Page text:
West Glamorgan Structure Plan Allocation


Recorded Completions 1999-2004


Recorded Completions 1991-2004


Swansea UDP 2001-2016




However, the 2004 JHLAS estimated future annual build rate of 1063 based on the residual method of calculating land supply is unlikely to be achievable, given that only once since 1991 has the rate exceeded 1000. Furthermore, extrapolation forward of the dated West Glamorgan Structure Plan 1991-2006 predicted build rates of 860 per annum is likely to be too high, given that over this period to date average build has only been 812 and the rate was based on early 1990’s population and household trends as opposed to more recent up to date projections. However the average annual build rate for the past five year period (1999-2004) of 779 is likely to be too low given the upturn in number of windfall sites being delivered since 2002 and increasing densities on committed sites. The JHLAS Group has agreed that the true position is likely to be somewhere between 812 and 860, therefore the average of these rates, i.e. 836, has been taken as the predicted future build rate for the purposes of the UDP. As can be seen the UDP allocation exceeds the actual annual average number of dwelling units completed both over the five year period (1999-2004) and the 13 year longer term period (1991-2004) respectively. It is notable that by 2005, four years into the Plan period, a total of just 2191 of the allocated units had been built- representing an average build rate of 547 per annum. However this picture is distorted in part by the large number of apartment block developments now underway within and close to the City Centre.


Between 1999 and 2004 the County experienced a period of very rapid house price growth, which has given rise to problems of affordability in all areas. This Plan aims to assist first time buyers by increasing the levels of affordable housing supply within new developments, providing more 1 and 2 bed flatted accommodation within the central area, and bringing vacant properties back into beneficial use.


Land has been allocated to meet the housing requirement following development priorities that reflect the principles of sustainable development through:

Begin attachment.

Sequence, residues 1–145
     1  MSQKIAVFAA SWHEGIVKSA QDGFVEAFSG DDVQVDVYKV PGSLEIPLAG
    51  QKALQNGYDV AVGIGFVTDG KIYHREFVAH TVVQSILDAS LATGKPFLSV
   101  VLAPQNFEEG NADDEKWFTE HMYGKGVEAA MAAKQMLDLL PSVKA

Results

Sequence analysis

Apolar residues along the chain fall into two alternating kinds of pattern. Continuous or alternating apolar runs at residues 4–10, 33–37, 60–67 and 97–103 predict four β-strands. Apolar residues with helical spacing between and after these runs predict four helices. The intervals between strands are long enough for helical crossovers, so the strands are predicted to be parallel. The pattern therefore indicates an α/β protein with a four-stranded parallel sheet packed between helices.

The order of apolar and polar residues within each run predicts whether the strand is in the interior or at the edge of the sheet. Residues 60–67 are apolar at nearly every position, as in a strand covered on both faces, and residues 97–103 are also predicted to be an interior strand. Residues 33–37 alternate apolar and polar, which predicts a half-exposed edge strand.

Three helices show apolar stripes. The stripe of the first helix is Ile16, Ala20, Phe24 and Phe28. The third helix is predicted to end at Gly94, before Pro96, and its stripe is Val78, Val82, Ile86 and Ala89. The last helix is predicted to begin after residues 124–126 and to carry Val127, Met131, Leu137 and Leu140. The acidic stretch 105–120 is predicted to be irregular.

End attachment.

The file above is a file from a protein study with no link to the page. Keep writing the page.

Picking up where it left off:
1. Bringing forward the existing committed land bank of 8871 dwellings (see Table 4 below), including the additional contribution from sites identified in the Interim Housing Land Policy Statement (IHLPS), which was adopted by the Council in June 2005 to ensure maintenance of the statutorily required five year housing land supply until 2009. (N.b. figure includes sites under construction and sites built out since 2001).
  2. Maximising use of previously developed, derelict, vacant and underused land and buildings within existing developed areas.
  3. Maximising the number of new homes provided in or close to the City Centre and Waterfront area, so as to promote a sustainable, vibrant centre and contribute to an improved physical character.
  4. Seeking a net reduction in the number of vacant residential properties through maintenance and improvement, reoccupation, demolition and redevelopment of void properties and where possible, diversification of tenure.
  5. Alleviating development pressures in urban fringe areas through the designation of green wedges.
  6. Providing a range and choice of type and location of housing opportunities to meet local needs and reflect the principles of sustainability.

Table 4: Landbank Calculations


No. of Units

2004 JHLAS









Due to infrastructure and other constraints, not all of the existing committed landbank is immediately available for development. Therefore to meet anticipated future demand additional releases have been identified to supplement the land supply derived through (i) to (vi) above. To ensure that the additional releases do not prejudice the identified priorities they are focused on existing regeneration initiatives (SA1, Lower Swansea Valley, and Swansea Vale), or new initiatives and growth/employment areas (Gorseinon, Pontarddulais, Penllergaer and Clydach).


In terms of raising levels of education, the Wales Spatial Plan recognises and acknowledges the importance of the knowledge base within the area and stresses the importance of the collaboration of the Universities, Higher Education institutions and Technia to create the virtual ‘University of South West Wales’.